At the airport the moment of parting brought tears to the eyes of the women. Dorothy and Mary were staying behind, I was the only one flying with K. Rita Zampese, Lufthansa’s public relations manager in London, led us through to the lounge. We found ourselves sitting near a group of men and women, business people probably, who appeared very self-absorbed. They were talking loudly, smoking and drinking alcohol. K looked at them with wide eyes, and the expression on his face was one of astonishment and mild horror, although he was not the least bit contemptuous.
We had to change at Frankfurt, and I remember with what joy K travelled on the fast electric shuttle between terminals. On the larger plane, he had the single seat at the front and to the right, which only Lufthansa was able to offer. By contrast, I found myself sitting by a gentleman who was reading a newspaper and listening to music at the same time. What’s more, he made hand movements as a conductor might. He, too, was self-engrossed and showed not the slightest interest in his neighbours – in this case, K and me. It was night-time when we flew over Russia and Afghanistan. On the plane K said: I’m glad we two are alone.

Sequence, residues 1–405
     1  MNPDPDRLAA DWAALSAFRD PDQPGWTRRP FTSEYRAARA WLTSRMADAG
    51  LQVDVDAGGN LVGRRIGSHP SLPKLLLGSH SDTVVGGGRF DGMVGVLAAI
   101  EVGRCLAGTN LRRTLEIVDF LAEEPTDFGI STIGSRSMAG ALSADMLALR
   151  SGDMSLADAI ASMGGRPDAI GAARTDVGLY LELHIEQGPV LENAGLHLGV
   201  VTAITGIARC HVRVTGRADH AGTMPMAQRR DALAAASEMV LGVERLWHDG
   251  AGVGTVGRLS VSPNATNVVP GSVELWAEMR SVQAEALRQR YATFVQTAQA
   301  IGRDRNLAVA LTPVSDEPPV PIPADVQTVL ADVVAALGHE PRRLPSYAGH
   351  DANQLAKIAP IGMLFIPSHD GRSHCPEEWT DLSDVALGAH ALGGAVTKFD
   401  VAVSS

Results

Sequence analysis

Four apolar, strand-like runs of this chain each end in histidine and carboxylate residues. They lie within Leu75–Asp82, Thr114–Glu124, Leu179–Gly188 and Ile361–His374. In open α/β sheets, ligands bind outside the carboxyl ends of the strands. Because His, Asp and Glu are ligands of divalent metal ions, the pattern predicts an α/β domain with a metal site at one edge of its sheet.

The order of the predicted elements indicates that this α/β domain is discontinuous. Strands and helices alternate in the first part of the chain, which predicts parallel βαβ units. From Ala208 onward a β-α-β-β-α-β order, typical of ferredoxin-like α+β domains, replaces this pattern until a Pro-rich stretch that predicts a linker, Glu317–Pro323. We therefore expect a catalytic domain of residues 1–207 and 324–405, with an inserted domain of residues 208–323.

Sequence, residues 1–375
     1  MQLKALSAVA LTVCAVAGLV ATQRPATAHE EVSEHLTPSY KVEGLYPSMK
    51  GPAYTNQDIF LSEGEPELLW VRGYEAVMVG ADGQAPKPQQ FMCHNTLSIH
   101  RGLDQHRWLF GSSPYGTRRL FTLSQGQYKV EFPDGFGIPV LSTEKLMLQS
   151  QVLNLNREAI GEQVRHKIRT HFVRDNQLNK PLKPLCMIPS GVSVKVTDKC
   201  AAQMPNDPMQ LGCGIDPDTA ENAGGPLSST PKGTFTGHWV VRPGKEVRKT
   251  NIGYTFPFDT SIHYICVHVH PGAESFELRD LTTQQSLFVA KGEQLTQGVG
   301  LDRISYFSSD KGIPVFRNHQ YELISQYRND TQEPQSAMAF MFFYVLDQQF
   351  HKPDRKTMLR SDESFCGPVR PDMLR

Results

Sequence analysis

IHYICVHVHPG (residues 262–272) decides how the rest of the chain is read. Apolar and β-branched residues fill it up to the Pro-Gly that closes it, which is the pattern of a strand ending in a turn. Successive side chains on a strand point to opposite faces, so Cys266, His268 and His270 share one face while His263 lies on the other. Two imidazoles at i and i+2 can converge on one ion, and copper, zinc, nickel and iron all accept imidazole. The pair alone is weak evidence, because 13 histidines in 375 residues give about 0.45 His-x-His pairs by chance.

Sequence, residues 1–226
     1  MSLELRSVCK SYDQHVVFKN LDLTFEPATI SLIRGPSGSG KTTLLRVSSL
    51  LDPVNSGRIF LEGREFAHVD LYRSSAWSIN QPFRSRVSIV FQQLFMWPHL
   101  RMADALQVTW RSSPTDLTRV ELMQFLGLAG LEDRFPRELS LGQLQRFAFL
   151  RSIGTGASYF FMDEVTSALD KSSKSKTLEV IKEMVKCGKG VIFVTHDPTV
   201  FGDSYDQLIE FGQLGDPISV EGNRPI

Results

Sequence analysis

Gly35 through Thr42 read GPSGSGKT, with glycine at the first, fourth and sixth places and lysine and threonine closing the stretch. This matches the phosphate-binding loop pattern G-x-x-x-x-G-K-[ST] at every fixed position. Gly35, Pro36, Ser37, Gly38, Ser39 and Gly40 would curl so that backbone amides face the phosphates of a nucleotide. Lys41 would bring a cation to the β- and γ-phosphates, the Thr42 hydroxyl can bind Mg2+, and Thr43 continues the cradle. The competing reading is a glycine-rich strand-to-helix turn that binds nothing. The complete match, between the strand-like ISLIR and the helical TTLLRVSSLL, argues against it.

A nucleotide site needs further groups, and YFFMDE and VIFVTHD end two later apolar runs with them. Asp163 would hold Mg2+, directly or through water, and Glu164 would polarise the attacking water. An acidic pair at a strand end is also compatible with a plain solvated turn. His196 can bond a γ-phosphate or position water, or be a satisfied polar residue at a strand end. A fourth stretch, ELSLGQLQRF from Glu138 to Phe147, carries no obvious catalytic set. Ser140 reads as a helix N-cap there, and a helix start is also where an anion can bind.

After arriving at Delhi, K went with Pupul Jayakar to stay at her house. I went to a hotel, where I was the only European but also the only one wearing Indian clothes. Every day at sunset we met at Lodi Park. It was always at sunset, because K had once suffered from sunstroke and had to keep out of the strongest rays. At the entrance there was a kind of turnstile, which glistened with the sweat and dirt of many hands. I would open it with my foot, and K would exclaim Good!
The park was well kept, with many trees, lawns, waterways and bridges, and buildings from pre-Mogul times. At dusk innumerable birds would gather and settle down for the night. The noise they made was deafening. Occasionally Nandini Mehta or Radhika Herzberger’s daughter, Maya, would join us on our walks, as would Pama Patwardhan.